Musings on death

posted in: Other | 5
picture of Death as a skeleton with a scythe

Death. It’s something that everyone reading this post must face at some time. At my age, many people I have known and loved have passed the final portal. Some deaths were expected, and indeed, were a relief to the dying and to those left behind. Others died suddenly, brutally, and far too young. Yet others took their own lives.

Just recently another person I cared about succumbed far too young to cancer. I knew that, unlike me, this woman had believed in God and I suppose that’s the reason I’ve written this.

If you ask me, I’ll tell you I’m an atheist, that I do not believe that anything but the strange and arbitrary forces that operate in the universe ‘created’ us. But actually, if pressed, I would have to say that I’m an agnostic. Just as the religious among us cannot prove there is a God, those of us who don’t believe in the imaginary father figure in the sky (or whatever) cannot prove there is no such thing as ‘god’.

So what happens as we face death? My anticipation of what will happen is as certain as anyone else’s. I believe my body will cease to function. I will go to sleep and I will never wake up. The cells that together made up my being will be swept up into a new creation. My ashes will help something else grow and thrive. It fascinates me to think that every cell in my body – indeed, on this planet – was created from elements once spewed out into the universe from the death throes of a giant star. It’s only right that those building blocks will be passed on, in some way, to something new.

Those with a religious bent believe there’s more to life than the corporeal, that we have something else, call it a soul if you will, that ‘lives’ on independently of the body. What happens next can vary, according to tradition. You might be reincarnated as a new entity. You might go to heaven or hell. You might be entertained forever by virgins, or have the Valkyrie sweep you away to feast in the halls of your fathers. Or whatever.

Terry Pratchett has the most wonderful way of dealing with the mythology surrounding death. In his Discworld books Death is real, an anthropomorphism of an idea. Over the centuries death has often been pictured as a skeleton with a scythe, an image which Pratchett uses in his books. He adds bright blue, distant lights in the eye sockets of the skull, which always makes me think of those stellar super giants whose fiery deaths are an act of creation. Death has a cameo appearance in almost every Discworld novel and has a major supporting role in Reaper man, Mort and Hogfather. And he likes cats. In the best traditions of witchcraft, witches and cats can see him while they’re still alive.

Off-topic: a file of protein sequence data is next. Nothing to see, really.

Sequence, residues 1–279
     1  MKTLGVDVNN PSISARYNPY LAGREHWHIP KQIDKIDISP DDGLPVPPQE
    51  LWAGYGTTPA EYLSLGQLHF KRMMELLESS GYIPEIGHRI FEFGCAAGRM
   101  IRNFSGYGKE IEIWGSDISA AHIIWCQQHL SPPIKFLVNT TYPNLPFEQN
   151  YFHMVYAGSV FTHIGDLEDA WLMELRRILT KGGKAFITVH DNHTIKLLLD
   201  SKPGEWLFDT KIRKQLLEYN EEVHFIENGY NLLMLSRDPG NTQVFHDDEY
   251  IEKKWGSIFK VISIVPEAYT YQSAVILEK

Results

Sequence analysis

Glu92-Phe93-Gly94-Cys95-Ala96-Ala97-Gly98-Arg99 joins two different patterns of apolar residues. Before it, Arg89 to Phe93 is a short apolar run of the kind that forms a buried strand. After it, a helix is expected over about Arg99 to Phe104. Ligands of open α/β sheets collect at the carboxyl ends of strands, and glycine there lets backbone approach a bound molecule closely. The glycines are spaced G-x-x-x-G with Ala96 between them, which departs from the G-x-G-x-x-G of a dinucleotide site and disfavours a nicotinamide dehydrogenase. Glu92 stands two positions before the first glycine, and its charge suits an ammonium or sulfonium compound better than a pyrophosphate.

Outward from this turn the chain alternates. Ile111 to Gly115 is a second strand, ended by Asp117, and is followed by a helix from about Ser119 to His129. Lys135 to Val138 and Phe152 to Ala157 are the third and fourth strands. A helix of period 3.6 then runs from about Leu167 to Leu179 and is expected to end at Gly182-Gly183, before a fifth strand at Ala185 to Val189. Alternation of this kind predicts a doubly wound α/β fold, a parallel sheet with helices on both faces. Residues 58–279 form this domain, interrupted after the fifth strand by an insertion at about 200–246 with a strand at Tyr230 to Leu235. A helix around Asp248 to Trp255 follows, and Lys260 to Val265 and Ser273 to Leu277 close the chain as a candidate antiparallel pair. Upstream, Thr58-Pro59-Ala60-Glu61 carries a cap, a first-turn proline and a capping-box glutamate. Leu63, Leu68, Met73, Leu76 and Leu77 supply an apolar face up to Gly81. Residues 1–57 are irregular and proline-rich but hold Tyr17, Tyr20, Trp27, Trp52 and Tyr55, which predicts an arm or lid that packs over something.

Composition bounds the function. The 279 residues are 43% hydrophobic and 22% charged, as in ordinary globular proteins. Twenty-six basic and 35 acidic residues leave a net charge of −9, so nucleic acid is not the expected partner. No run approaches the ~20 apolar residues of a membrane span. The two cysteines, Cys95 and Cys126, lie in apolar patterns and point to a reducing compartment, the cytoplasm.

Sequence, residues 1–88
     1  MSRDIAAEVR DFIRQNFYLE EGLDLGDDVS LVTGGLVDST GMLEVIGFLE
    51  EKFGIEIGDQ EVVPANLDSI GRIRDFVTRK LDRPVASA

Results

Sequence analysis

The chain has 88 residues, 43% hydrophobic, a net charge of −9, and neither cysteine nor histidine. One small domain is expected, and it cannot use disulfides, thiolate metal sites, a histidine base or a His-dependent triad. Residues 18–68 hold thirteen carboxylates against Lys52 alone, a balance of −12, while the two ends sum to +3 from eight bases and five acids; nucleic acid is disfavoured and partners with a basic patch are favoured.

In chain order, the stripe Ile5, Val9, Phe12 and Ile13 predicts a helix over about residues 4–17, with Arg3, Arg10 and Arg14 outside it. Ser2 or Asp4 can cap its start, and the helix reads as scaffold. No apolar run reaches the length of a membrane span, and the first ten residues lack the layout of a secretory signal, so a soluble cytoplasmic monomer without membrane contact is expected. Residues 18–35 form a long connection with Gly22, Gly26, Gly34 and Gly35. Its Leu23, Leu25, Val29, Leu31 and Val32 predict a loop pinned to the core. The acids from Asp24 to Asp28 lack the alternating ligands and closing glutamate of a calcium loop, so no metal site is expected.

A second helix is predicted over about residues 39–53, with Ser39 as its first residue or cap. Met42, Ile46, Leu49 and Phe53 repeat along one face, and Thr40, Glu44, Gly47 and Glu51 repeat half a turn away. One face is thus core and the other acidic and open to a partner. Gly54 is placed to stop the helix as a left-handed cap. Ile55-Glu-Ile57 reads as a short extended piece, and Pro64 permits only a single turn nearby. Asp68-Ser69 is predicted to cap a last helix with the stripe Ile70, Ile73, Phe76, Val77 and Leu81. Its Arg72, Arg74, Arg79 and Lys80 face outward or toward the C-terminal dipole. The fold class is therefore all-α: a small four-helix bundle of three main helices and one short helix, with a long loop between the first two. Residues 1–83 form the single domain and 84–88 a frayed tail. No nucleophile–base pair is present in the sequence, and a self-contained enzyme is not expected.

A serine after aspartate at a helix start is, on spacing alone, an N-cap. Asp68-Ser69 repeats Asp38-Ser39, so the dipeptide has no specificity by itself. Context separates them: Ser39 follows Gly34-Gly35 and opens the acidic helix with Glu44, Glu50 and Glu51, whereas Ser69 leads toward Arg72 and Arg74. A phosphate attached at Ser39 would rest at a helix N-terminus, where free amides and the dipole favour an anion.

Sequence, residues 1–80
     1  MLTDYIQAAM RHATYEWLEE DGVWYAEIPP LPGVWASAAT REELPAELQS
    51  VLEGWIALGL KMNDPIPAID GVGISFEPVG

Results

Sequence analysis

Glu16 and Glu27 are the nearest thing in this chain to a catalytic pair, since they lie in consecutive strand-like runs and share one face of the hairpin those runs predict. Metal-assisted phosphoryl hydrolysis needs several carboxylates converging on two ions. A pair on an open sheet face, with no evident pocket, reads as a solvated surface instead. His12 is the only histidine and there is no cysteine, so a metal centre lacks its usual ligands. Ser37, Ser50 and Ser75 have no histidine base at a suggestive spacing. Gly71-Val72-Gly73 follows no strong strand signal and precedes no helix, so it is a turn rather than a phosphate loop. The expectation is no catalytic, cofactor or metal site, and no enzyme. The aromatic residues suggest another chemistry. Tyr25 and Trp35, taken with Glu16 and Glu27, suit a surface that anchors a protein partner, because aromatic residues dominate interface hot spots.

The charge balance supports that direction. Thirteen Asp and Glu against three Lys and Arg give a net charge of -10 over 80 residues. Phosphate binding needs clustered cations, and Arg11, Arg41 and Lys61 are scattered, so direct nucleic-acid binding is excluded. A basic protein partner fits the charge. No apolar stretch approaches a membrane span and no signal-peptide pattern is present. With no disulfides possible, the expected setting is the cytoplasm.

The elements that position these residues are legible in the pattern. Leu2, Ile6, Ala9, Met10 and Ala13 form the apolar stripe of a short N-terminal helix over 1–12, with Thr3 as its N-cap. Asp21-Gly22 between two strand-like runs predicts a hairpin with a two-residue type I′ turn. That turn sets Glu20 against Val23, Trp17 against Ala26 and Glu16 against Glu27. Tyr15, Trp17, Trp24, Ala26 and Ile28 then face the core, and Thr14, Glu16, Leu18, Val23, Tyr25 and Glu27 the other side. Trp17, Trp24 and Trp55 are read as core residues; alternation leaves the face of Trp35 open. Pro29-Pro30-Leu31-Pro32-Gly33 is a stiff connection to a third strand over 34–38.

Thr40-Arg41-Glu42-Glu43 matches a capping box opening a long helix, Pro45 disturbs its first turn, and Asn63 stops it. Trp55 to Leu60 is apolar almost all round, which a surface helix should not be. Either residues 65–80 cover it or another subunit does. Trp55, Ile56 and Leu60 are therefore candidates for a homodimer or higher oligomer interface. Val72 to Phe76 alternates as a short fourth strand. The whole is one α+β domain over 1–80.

Just about every time an important character dies, Death appears, speaking in sepulchral tones (all caps) never dictating what will happen next. If the recently deceased asks if there will be dancing girls, he says, “Do you want there to be?” Perhaps that’s the best thing you can wish the family of someone who has just died, that their beloved is now at peace/in heaven/carousing with the Valkyries/about to be reincarnated as a cat.

Sorry about the morbid navel-gazing. We will now return to normal programming.

5 Responses

  1. susan curnow

    I believed in the nothing part until Richard passed. Of course when you lose a child you desperately *want* there to be so much more. That it isn’t the end for them as much as reassurance for yourself. And I still don’t know for absolute certain, except for the strange things which happened after his death. You try to justify them ‘scientifically’ and you can’t. Silly things like whenever anything in my life is going on right now I trip over pennies and dimes. Many would say coincidence, but it has happened way too often for coincidence. His picture which leapt off a perfectly safe sideboard. The vision overlaying his army picture. I could go on. I sometimes feel these things are ‘echoes’. meaning echoes of their existence that replays on this plane. Others would call it spirit or soul. There is something for sure, but a pretty unquantifiable something, which is why I guess people struggle with it so much. I no longer believe there is ‘nothing’ but that like radio waves their spirits bounce off the ether to remind us of who they were, and if only we knew how to listen we would hear them much more clearly. I never believed in angels either, but when they shout in your ear you kinda have to. I say that lightly but it isn’t light to me. I do know that I am not half so worried about dying as I used to be and that is not an age thing, it is all I have learned.

    • Greta

      And to that I say if it is a comfort to you, that’s wonderful. Perhaps you’re correct. I do not have the right, or the facts, to judge. I’ll add, though, that I don’t dismiss ‘paranormal’ events. Many things happen that we don’t understand, because we have no way of understanding.

      • susan curnow

        It’s a funny conundrum. Because you so want to believe, you actually go all out to prove the opposite, if that makes sense. You’ve been hurt enough by the death, you don’t need to be hurt by some false hope. And while, yes, I’ve tried psychics and whatnot, there are not many I have believed. *I* know when my son is around. I just do and it is very weird. And I did dismiss so much in the beginning as the product of an overwrought and grieving imagination, but I don’t any more. *shrugs* very hard to explain.

  2. Julia Barrett

    Well… Hmmm. I wrote a book about death. Feel free to read it. I’ll send you a copy if you like. My father is an atheist, my mother an agnostic. My father taught us kids this – When you die, there is nothing. However I died at the age of 16 and there was not nothing. And that’s about all I’ll say. 🙂

    • Greta

      I’d be interested in your take on it. I don’t rule anything out, you see.

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